Finally puling himself together, and off of his horse, he approached the girl and realized that she was covered with splatterings of tar that had been applied hot and were now congealed. Were it not for the heat of the noonday sun, keeping the tar pliable, she would not be able to move at all.

Her speech was impaired by the fact that most of her mouth was sealed by the tar. Trevor started to pick at it but this resulted in a moan of pain so he stepped back from her and surveyed the situation.

Trevor was at a total loss of how to handle the situation. He couldn't pick the tar off. No matter what part of the body it was on it would be stuck to skin.

He couldn't leave the tar on as it was still warm and was attracting the hot sun. On the other hand, if she was moved out of the sun, the tar would harden and she wouldn't be able to move at all.

While Trevor cast about for a sign, of anything, or anyone, to help, the girl kept up an uneven moan that Trevor understood to be pleadings for help.

He noticed too that her left hand seemed to be pointing at her crotch. Her right hand was stuck to her hair in an unusable, and uncomfortable, position.

Trevor thought about picking her up and taking her somewhere but he had no idea where that might be. Picking her up would almost certainly result in her being stuck to him. This would be painful for her and his uniform would be a mess of tar that would take hours to clean. And that gave him his first bright idea.

Rubbing his hands in the dirt of the trail he got them well coated with dust so the tar wouldn't stick to them. Moving behind the girl, he grasped her by the shoulders and, tipping her back, dragged her across the field, where he lay her against the side of a small hill.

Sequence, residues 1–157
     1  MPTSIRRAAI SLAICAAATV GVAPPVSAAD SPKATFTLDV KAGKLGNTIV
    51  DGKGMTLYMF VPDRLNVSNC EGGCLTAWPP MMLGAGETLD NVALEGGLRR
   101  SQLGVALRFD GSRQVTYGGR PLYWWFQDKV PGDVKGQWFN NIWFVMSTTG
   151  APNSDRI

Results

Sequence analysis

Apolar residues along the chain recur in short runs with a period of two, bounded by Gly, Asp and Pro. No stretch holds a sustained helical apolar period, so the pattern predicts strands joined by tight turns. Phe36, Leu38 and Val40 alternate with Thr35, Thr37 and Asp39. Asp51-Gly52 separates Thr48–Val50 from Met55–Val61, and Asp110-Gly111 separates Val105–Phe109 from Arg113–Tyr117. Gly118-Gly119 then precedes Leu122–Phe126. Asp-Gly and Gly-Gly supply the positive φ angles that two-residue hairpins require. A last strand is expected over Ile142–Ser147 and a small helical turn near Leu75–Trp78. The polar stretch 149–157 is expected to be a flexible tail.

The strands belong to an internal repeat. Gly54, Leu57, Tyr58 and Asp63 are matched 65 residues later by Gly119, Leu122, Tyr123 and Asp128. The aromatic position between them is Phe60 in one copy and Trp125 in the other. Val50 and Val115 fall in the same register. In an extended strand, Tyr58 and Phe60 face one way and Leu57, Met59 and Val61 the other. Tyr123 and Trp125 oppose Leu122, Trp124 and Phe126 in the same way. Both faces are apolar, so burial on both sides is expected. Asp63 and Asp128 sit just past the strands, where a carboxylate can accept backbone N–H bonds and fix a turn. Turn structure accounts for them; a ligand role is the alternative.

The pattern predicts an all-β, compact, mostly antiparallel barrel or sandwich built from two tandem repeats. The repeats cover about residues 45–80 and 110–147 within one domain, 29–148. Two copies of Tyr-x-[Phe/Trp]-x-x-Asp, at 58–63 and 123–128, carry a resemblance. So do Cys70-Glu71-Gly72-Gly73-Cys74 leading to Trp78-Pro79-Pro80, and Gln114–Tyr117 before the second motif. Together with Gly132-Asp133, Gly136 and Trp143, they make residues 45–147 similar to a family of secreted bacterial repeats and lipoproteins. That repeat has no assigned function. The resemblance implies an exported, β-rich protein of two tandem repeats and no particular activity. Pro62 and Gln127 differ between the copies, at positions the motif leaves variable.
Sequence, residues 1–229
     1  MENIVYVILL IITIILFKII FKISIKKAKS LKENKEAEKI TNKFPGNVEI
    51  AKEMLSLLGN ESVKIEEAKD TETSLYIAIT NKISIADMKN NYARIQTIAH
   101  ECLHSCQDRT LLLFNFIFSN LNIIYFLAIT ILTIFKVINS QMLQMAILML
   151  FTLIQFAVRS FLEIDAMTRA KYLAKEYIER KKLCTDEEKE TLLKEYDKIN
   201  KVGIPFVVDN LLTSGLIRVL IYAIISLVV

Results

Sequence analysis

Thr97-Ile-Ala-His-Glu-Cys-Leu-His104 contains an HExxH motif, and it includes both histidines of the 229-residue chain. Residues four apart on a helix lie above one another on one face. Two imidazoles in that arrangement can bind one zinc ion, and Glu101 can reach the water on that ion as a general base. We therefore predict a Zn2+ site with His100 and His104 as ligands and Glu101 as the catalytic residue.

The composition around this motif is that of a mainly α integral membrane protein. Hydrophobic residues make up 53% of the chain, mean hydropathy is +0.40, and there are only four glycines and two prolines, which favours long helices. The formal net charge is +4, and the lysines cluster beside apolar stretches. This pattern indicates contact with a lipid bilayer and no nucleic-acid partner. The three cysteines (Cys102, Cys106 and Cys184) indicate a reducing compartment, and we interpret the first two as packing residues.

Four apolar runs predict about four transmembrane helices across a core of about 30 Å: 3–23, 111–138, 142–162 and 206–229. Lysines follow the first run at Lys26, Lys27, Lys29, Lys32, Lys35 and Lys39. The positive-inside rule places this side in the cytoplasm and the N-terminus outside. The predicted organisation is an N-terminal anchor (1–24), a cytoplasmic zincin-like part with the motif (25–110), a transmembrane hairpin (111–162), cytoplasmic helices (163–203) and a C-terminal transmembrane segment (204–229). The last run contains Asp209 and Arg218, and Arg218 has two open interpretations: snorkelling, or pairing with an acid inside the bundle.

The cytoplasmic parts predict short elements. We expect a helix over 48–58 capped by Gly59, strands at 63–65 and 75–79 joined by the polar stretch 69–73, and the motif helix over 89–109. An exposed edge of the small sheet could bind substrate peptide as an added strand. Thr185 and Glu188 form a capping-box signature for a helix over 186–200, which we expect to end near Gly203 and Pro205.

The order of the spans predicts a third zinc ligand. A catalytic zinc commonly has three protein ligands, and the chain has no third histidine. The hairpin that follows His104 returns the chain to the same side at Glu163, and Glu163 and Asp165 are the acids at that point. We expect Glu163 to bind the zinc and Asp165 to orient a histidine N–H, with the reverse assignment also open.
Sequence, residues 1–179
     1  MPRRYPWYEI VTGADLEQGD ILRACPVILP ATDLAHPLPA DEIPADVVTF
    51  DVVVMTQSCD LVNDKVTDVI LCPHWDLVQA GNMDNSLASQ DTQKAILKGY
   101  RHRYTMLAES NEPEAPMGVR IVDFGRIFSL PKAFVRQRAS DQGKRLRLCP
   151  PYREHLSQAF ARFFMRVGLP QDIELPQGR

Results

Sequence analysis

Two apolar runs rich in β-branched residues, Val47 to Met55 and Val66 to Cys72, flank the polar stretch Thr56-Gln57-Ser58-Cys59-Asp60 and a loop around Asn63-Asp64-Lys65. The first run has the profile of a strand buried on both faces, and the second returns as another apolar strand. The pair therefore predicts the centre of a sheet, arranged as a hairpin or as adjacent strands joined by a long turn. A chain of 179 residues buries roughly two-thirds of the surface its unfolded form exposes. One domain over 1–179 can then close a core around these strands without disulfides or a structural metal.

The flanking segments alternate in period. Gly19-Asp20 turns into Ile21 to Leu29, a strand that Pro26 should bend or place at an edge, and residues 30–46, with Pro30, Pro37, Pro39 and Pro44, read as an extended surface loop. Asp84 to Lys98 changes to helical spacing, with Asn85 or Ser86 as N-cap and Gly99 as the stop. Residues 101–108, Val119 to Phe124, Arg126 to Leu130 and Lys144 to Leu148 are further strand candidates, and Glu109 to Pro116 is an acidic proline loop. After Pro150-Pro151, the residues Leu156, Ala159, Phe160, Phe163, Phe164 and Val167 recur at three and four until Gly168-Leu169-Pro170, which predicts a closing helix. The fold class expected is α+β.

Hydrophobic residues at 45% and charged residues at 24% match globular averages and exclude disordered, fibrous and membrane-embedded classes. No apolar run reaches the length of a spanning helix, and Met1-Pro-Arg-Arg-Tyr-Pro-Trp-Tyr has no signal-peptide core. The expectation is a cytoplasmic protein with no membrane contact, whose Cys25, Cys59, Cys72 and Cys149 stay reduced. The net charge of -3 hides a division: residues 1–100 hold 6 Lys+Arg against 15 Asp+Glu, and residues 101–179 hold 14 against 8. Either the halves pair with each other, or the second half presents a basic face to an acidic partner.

Here she would be in the shade, the weight off her legs, and slightly propped up, she could still survey her surroundings, as much as she could turn her head.

With his knife he cut the hair between her hand and her head so that the weight of her arm was no longer pulling on her scalp. Next he began to cut away the hair between her legs, as luckily she had an abundant growth and most of the tar had not reached her skin. He wasn't able to remove it completely but he was able to loosen it enough that she could void her bladder which seemed to be of pressing importance to her.

Assuring her that he would return shortly, he left her to relieve herself and, mounting his horse, after ground staking his pack horses, proceeded, rapidly, towards the small community he had seen earlier.

The town, if it could be called that, seemed to take forever to reach. Trevor wondered how the girl had managed to stumble as far as she had and how long she had been out there.

There was no possibility of approaching the scattering of sod structures without being seen but Trevor tried to circle so that he was coming from behind the main buildings.